Hey there. This is another post in the Hair Basics series, a bunch of posts about the fundamentals of hair. What it really is and how it functions. You could continue the Understanding Hair 101 class here 🙂
Hair texture and density are two properties that get mixed up a lot, but they really are different things.
Do you believe that all big afros or natural heads are “full” or “thick”? Just because someone has got a lot of hair does not mean that the person’s strands are thick.
Hair texture refers to the width/size of your hair strands, and Hair density is simply how much hair you have.
– The size of your strands.
– Determined by the cortex.
– Types: Your hair texture may be fine, medium, coarse.
The thicker your strands are, the stronger they are. Fine hair is the most fragile, and coarse hair the least. Thick strands I read, are easier to detangle.
How can I determine my texture?
I don’t want to go there but in trying to determine mine, I read something that simplified the matter. Sorry ladies. The hair that grows in your nether region is coarse. Compare how similar or how different the hair on your head is to that and the texture of your hair will be revealed to you.
Can one person have different textures?
My strands for the most part are fine. Not thick at all. Then I have some in the centre of my head that are more coarse than the others.
Here’s a short slideshow showing a coarse strand and a fine strand (both mine)- can you see the difference?
Basically, it’s the population of Hair City. A measure of how many strands are living on your head.
Types- Your Hair density may be High, Medium, Low.
Technically, you can only measure your hair density if you partition your hair into 1” x 1” sections and count the number of strands per section- like the average number of strands/follicles per square inch area. You don’t have to do that.
What’s my Hair Density?
It’s best to check for your hair density when it’s dry. All you have to do is this- Let your dry hair hang loose. Can your scalp be seen? If it’s difficult to see your scalp or no scalp can be seen at all, your hair is high density. If it’s very easy to see scalp, your hair is low density, and if you can see only some of your scalp, medium density.
Again, I must stress this:
High density hair is usually called thick by other people- because of how it looks or feels as a whole. However, it does not mean that your individual strands are thick. You can be high density with fine strands (like me) and low density with thick/medium strands.
What to do with this information?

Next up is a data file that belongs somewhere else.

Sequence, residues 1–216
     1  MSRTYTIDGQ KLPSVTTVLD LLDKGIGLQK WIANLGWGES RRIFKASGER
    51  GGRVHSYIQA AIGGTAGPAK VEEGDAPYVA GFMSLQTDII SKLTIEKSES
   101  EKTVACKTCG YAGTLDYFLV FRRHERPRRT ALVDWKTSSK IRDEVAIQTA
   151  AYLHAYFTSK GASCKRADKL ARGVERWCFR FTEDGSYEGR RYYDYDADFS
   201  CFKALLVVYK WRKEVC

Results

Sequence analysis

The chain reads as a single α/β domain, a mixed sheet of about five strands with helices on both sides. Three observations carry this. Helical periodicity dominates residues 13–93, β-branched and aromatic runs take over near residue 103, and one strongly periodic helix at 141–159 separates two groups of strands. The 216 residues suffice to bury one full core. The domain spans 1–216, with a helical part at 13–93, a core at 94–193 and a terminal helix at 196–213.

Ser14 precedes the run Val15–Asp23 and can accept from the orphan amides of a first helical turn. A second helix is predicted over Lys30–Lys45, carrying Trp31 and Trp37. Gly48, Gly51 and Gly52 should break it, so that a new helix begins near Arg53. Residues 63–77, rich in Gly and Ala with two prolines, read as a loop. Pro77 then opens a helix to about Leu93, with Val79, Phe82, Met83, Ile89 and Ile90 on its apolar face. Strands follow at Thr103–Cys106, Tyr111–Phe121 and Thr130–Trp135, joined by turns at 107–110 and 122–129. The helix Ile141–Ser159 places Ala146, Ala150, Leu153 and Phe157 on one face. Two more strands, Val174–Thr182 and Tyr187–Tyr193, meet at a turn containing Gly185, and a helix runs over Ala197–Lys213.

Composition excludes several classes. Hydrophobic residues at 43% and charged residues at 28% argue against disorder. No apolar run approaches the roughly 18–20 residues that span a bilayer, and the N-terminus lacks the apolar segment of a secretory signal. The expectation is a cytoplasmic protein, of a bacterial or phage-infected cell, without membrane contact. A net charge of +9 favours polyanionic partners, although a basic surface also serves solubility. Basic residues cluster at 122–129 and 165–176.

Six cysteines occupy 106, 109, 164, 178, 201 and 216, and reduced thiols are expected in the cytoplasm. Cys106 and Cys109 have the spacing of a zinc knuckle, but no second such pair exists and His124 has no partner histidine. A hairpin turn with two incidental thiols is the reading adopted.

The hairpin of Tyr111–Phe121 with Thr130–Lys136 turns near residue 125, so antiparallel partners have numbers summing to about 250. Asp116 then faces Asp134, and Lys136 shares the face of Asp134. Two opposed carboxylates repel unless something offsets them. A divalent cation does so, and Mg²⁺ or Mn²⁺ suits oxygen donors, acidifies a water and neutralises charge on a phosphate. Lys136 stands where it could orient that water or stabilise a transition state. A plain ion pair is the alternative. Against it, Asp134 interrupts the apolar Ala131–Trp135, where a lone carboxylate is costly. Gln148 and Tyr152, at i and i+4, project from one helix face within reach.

Again beware of sweeping generalisations. Some people say fine hair is easy to moisturise and doesn’t need a lot of moisturising but so far my own fine hair hasn’t been easy to moisturise. A moisture plan has got a lot more to do with hair porosity I believe, than the way it feels. *side-eye* at those people.
- The simple advantage of knowing your texture is that you have a better idea about how to handle your hair. If you attack your high density hair with all your might and a comb or brush just because it looks thick, you will be doing mad damage if you have fine texture strands.
- Choosing products- a High Density head does not need volumising products. Heavier products may be desired instead, to weigh the hair down a little. The very opposite is the case for Low density hair.
- Styling- low density heads may prefer smaller twists or braids, styles that don’t show a lot of scalp. High density heads may prefer bigger braids or twists and layered styles.
CAN I CHANGE MY TEXTURE/DENSITY?
No. You have not grown any hair follicles since you were born. Even weeks before you were born. Follicles are responsible for your density and your hair cortex is responsible for your hair texture.
So anything that claims to volumise or decrease the look of your hair- thin it or thicken it (that is, reduce or increase its density) or thicken your individual strands- is really just promising to make it appear so. APPEAR is the key word. That’s all it’s doing. It’s not changing the structure of your hair. It is what it is. Accept your texture and density and learn to work with them- consider them in building your regimen, in styling- and if you want thicker or thinner hair for any purpose, just google. There are so many temporary thinning or thickening products or practices you could try. 🙂
So tell me, how densely populated is your Hair City? And the individuals that live up there, how thick are they?
8 thoughts on “HAIR BASICS: TEXTURE x DENSITY”
My citizens are quite bulky. They eat too much junk There are not that many of them anyway so that’s fine. And the ones that live by the river bank are so malnourished!
Coarse texture, low-medium density, but fine hair around the hairline.
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I have a lot of people in my hair city, and they’re all super thick and fat!! They are so difficult to care for, but I love ’em!
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My hair is VERY high in density, but has pretty fine strands. In other words, my hair is thick and soft! ^o^
i have fine hair with some medium hairs its thinner around the hair line also i believe i have high density. Because i have a lot of hair on my head, i use to think i had thick hair but no its just that i have high density hair with fine/medium strands i believe i have 3c/in the back of my hair and 4a/in the front and lastly i have low porosity hair sometimes its a struggle to keep it nice in moist but im getting better at it. i mostly use oils and water water water i use light and heavier oils sometimes and water. Sitting under a steamer or heated cap helps to get it in the cuticles.
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I have a coarse texture high density and I have very thick hair my hair stylist tells me this every time I see ber
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